WESTERLY — Before there was Walmart, before there was Applebee's and before there was Valenti's, the Dunn's Corners neighborhood of Westerly was considered a sleepy section of town.

"It was the boondocks," said Cheryl Spino one afternoon last week as she sat with her husband, Tony, in the second floor offices of Dunns Corners Market, the booming business the couple has owned and managed for the last 30 years. 

But there was Morrone's Mobil gas station — fondly known as Ack Ack's — there was Benny's and there was Chickadee Farms, the busy little grocery store on the corner of Post Road and Dunns Corner Road, where the Russo family sold groceries and eggs from their Woodville farm and fried up buckets of aromatic chicken.

It was there, at Chickadee Farms, that Cheryl Hines met Tony Spino, her fellow employee. 

"I started working there when I was 16," said Cheryl, who grew up not far away on Woody Hill Road. "We'll be married 41 years in July."

In the late 1980s, when the Russos decided to sell their property to the Westerly Community Credit Union, the Spinos, at the urging of their customers, decided it was time for them to fly on their own. They bought the vacant lot on Langworthy Road, along with Mark Koswaski and the late Sheryl Koswaski, and began construction soon after.

On May 5, 1989, the couple, along with Tony's brother, Angelo, opened Dunns Corners Market. Earlier that year, in April, the Koswaskis opened Broadview Florist and Garden Center. The two families own the complex together. 

With the unmistakable aroma of their secret-recipe fried chicken wafting from the kitchen below, the Spinos, who will officially celebrate their milestone with a 30th anniversary sale this weekend, reflected on that past three decades and emphasized the reasons they've been able to transform their small family market into a beloved tradition in the community. It's all due to their customers and their staff, they said.

Without a doubt, said Tony, who was wearing his uniform: a pair of khakis and a green long-sleeved T-shirt with "Dunns Corners Market" embroidered on the front. He said they couldn't praise enough "our customers and the people in town who keep us going. We're a huge part of this community and we always try to give back."

"Our customers wanted us to continue," he said, "and we did."

"We built this from the ground up," Tony explained, noting that he, Mark Koswaski, and Mark's brother-in-law, Mike Ward, built the building that houses the two businesses.

There have been two renovations to the original building since they opened, he said, along with some interesting changes in the business landscape — like the growth of Valenti's automobile dealerships and the enormous superstore across Route 1.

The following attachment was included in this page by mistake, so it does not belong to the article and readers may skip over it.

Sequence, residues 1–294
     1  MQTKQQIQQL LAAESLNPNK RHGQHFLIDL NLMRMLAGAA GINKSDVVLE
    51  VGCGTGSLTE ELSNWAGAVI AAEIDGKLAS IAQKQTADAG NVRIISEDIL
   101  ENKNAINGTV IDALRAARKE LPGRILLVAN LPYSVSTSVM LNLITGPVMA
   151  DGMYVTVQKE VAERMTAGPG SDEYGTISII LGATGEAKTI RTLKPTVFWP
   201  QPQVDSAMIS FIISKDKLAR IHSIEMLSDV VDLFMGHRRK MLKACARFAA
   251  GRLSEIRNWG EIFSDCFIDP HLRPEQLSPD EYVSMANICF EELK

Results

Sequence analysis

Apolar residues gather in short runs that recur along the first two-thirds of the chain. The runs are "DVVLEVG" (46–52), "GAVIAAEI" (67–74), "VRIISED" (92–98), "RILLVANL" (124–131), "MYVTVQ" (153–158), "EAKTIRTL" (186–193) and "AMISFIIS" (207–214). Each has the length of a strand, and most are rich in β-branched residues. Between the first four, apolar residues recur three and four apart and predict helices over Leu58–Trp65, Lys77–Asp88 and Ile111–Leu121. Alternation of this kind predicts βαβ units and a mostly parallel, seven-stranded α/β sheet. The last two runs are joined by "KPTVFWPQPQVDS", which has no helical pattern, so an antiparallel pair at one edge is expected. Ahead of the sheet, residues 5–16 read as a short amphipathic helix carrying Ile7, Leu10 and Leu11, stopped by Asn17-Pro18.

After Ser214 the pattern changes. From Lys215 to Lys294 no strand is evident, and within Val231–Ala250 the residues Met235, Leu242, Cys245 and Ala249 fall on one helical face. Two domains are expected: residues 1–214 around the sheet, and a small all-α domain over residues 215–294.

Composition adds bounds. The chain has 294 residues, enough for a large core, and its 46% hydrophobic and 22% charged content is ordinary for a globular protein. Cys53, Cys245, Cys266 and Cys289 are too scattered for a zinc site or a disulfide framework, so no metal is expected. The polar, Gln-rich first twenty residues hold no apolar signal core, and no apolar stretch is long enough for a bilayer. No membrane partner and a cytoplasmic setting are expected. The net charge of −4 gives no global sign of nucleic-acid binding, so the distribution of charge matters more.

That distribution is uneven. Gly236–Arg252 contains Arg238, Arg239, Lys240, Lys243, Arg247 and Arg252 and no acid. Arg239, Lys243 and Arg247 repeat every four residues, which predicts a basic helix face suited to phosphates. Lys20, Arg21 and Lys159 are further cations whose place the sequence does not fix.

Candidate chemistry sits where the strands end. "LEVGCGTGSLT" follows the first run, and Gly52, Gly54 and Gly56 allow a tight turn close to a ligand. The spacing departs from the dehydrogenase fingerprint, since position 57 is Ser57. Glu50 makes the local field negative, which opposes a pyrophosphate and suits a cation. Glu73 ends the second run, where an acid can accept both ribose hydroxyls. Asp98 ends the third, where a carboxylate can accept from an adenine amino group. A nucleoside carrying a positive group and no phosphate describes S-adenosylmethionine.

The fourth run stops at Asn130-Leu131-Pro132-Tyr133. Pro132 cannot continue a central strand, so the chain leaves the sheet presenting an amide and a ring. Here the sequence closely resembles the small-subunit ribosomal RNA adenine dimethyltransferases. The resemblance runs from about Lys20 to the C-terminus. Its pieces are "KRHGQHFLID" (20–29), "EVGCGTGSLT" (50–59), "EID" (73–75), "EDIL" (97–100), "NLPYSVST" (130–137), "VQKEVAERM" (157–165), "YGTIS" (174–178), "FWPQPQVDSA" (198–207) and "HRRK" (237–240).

"They told us we'd be closed within six months when Walmart opened," Tony said. 

"It didn't happen," said Cheryl.

"We're still strong and we're still growing," Tony added.

The Spinos, who employ between 42 and 49 people depending on the season, said they not only know most of their customers by name, they have formed friendships with many of them, too.

"He remembers what most people ordered on the last holiday," said Cheryl with a smile, nodding toward her husband. 

And of course, there are the loyal employees: Meat manager Ken Brothers, catering director Serina McMaster, food manager Shawn Bittman, and manager Debbie Longo are a few of the longtimers, Cheryl said.

And there was the late John Perkins, the fisherman and loyal employee who died a little over a year ago.

"He worked for us for 24 years," said Cheryl. "That was a big loss."

"God has been good to us," she said, noting that soon after losing John, a mainstay in the meat department, "God sent us a retired meat cutter from Stew Leonard's."

She said that the new employee, Ray Urso, is, like her husband, "an old school meat cutter." 

The Spinos have two children: Sarah Spino Bicknell, a physical therapist; and Christopher, an accountant, who helps out on weekends and evenings. Neither has expressed an interest in taking over the business over from their parents.

"We've survived," said Tony. "And we'll continue on into the future."

Next door at Broadview, Mark Koswaski and his son, 37-year-old Christopher, stood inside their greenhouse a few days later, surrounded by rows and rows of colorful spring flowers and trays of herb and vegetable seedlings. The garden center, bustling with customers on this May morning, celebrated its 30th anniversary in April.

Mark said his late wife, Sherry, who died in April of 2016, was a major part of the business and its success.

"She built up the flower shop," he said with a smile, "and gave Christopher his good work ethic."

The father and son team do most of the potting and planting themselves, and tend to the floral needs at both the Ocean House and Weekapaug Inn.

Like the Spinos, Mark and Christopher Koswaski said they owed their success to hard work, loyal customers and good employees.

"You can't do it all by yourself," said Mark.

"We offer personalized service," he added. "It's not a cookie cutter operation ... and we can adjust and move things around."

"We like to greet our customers with a smile," he said.

"We make people smile with flowers," added Christopher.

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